The Thomson MO5 is a home computer introduced in France in June 1984[2] to compete against systems such as the ZX Spectrum and Commodore 64. It had a release price of 2390 FF.[3]

Thomson MO5
ManufacturerThomson SA
Release date1984; 39 years ago (1984)
Introductory price2390 FF
Discontinued1986; 37 years ago (1986)
MediaCassette tape, Cartridges
Operating systemMO5 BASIC 1.0
CPUMotorola 6809E @ 1 MHz
Memory32 KB RAM, 16 KB VRAM
Display320x200, 8 colours with 2 saturation variations, 2 colours per 8x1 pixel area
GraphicsEFGJ03L gate array[1]
Sound1-bit square wave
InputKeyboard, Lightpen
Controller inputJoystick
ConnectivityExpansion port
SuccessorThomson MO6
RelatedThomson TO7/70

At the same time, Thomson also released the up-market Thomson TO7/70 machine. The MO5 was not sold in vast quantities outside France and was largely discontinued in favour of the improved Thomson MO6 in 1986.

MO5s were used as educational tools in French schools for a period (see Computing for All, a French government plan to introduce computers to the country's pupils), and could be used as a "nano-machine" terminal for the "Nanoréseau" educational network.[4]

The computer boots directly to the built-in Microsoft BASIC interpreter (MO5 Basic 1.0).[2]

Specifications Edit

The Thomson MO5 runs on a Motorola 6809E processor clocked at 1 MHz and features 48 KB of RAM (16 KB used as video memory, 32KB as free user RAM) and 16KB of ROM (4KB for the monitor and 12KB for the BASIC interpreter).[5]

Graphics were generated by a EFGJ03L (or MA4Q-1200) gate array[1] capable of 40×25 text display and a resolution of 320 x 200 pixels with 16 colours (limited by 8x1 pixel colour attribute areas).[4][5]. The hardware colour palette is 4-bit RGBI, with 8 basic RGB colours and a intensity bit (called P for "Pastel") that controlled saturation ("saturated" or "pastel").[6][7] In memory, the bit order was PBGR. The desaturated colours were obtained by mixing of the original RGB components within the video hardware. This is done by a PROM circuit, where a two bit mask controls colour mixing ratios of 0%, 33%, 66% and 100% of the saturated hue.[6] This approach allows the display of Orange instead of "desaturated white", and Gray instead of "desaturated black".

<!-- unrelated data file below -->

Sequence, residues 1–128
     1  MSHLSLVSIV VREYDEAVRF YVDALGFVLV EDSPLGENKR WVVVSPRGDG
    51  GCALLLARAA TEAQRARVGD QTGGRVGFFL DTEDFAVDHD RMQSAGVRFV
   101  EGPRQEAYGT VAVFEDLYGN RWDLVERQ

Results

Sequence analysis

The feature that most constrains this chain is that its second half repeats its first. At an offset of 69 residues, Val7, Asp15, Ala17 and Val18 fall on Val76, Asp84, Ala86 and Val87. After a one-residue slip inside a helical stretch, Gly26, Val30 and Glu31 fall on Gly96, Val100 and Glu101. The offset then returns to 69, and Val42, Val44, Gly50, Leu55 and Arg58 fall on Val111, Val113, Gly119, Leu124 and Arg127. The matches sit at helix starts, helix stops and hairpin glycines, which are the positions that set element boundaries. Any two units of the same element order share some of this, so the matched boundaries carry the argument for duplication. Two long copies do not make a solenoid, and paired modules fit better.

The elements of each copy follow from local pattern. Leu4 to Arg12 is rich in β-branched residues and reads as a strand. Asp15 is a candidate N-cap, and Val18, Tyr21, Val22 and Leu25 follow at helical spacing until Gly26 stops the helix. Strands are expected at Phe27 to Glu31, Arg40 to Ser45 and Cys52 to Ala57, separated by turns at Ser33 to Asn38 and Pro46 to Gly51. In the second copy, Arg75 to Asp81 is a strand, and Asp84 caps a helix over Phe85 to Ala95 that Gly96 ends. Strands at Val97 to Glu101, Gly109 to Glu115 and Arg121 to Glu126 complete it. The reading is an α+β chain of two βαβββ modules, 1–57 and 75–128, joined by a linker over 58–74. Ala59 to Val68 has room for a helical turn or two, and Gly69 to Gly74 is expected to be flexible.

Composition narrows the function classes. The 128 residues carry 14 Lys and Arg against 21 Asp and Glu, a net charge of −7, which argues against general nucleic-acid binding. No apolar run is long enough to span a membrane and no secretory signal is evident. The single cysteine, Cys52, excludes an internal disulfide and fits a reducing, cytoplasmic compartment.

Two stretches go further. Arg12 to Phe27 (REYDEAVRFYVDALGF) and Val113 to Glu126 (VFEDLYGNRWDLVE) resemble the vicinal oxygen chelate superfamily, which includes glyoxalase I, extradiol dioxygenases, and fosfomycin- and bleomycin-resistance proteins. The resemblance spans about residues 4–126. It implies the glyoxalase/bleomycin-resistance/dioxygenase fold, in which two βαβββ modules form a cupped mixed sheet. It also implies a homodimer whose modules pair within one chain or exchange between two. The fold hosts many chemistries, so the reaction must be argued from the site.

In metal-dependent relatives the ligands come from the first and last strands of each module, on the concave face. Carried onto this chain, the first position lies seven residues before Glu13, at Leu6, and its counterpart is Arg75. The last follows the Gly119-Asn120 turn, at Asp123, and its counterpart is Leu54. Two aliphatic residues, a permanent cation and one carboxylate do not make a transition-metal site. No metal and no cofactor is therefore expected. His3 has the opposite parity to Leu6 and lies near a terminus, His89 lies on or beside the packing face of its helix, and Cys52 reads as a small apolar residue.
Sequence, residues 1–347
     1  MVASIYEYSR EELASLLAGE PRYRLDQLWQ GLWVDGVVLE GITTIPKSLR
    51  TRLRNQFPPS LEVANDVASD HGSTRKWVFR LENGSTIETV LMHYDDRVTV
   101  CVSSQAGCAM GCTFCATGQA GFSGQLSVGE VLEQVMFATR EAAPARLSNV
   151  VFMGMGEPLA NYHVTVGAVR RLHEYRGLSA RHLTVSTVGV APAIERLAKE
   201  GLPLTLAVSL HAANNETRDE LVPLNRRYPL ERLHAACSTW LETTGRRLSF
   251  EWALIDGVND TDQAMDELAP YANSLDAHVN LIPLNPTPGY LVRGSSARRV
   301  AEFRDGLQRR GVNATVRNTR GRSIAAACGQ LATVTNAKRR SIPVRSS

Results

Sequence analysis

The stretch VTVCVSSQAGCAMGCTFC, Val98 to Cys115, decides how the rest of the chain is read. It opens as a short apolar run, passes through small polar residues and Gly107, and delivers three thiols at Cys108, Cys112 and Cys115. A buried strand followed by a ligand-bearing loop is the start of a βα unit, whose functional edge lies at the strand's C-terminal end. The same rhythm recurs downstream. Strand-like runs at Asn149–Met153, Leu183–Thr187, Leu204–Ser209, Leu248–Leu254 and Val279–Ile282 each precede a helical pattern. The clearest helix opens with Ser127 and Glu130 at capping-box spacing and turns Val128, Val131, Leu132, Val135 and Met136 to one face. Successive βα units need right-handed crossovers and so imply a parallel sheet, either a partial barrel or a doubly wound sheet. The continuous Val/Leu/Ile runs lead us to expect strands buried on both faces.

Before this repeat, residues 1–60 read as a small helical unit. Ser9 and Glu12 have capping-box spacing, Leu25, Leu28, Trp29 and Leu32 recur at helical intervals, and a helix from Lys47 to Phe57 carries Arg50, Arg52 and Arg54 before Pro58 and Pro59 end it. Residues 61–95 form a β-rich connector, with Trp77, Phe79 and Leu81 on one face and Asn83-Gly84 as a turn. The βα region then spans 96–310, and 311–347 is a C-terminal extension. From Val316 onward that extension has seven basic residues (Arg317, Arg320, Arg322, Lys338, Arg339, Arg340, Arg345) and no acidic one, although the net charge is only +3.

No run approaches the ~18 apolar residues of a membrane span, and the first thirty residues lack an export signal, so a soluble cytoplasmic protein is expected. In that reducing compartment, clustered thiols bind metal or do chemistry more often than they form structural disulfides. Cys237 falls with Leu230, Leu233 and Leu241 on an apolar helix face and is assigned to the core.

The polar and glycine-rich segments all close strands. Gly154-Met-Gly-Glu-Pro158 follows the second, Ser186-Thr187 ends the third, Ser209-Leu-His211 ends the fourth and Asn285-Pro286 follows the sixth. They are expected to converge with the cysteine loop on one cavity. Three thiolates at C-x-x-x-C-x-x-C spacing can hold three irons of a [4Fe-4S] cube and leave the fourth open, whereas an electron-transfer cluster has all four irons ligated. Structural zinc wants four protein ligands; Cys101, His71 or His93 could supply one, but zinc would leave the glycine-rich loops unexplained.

According to the values specified on the computer's technical manual (“Manuel Technique du MO5”,[6] p. 11-19), the hardware palette was:[7]

Thomson MO5 Hardware Palette[7]
Memory bits


PROM bit mask

B2B1 G2G1 R2R1

Name Memory bits


PROM bit mask

B2B1 G2G1 R2R1

0000 00 00 00 Black 1000 10 10 10 Gray
0001 01 01 11 Red 1001 10 10 11 Rose
0010 00 11 00 Green 1010 10 11 10 Light Green
0011 00 11 11 Yellow 1011 10 11 11 Light Yellow
0100 11 01 01 Blue 1100 11 10 01 Light Blue
0101 11 00 11 Magenta 1101 11 10 11 Parma Pink
0110 11 11 01 Cyan 1110 11 11 10 Light Cyan
0111 11 11 11 White 1111 01 10 11 Orange

Displayed colors are only approximate due to different transfer and color spaces used on web pages (sRGB) and analog video (BT.601)

Video RAM was 16KB. As common on home computers designed to be connected to an ordinary TV screen, the 320 x 200 pixels active area doesn't cover the entire screen, and is surrounded by a border.[6] The video output is RGB on a SCART connector, with the refresh rate being 625-line compatible 50Hz.[5]

Audio is limited to 1-bit square wave tones, outputted via the TV using the SCART connector. The tape player's output is also routed to the computer's sound output.[5]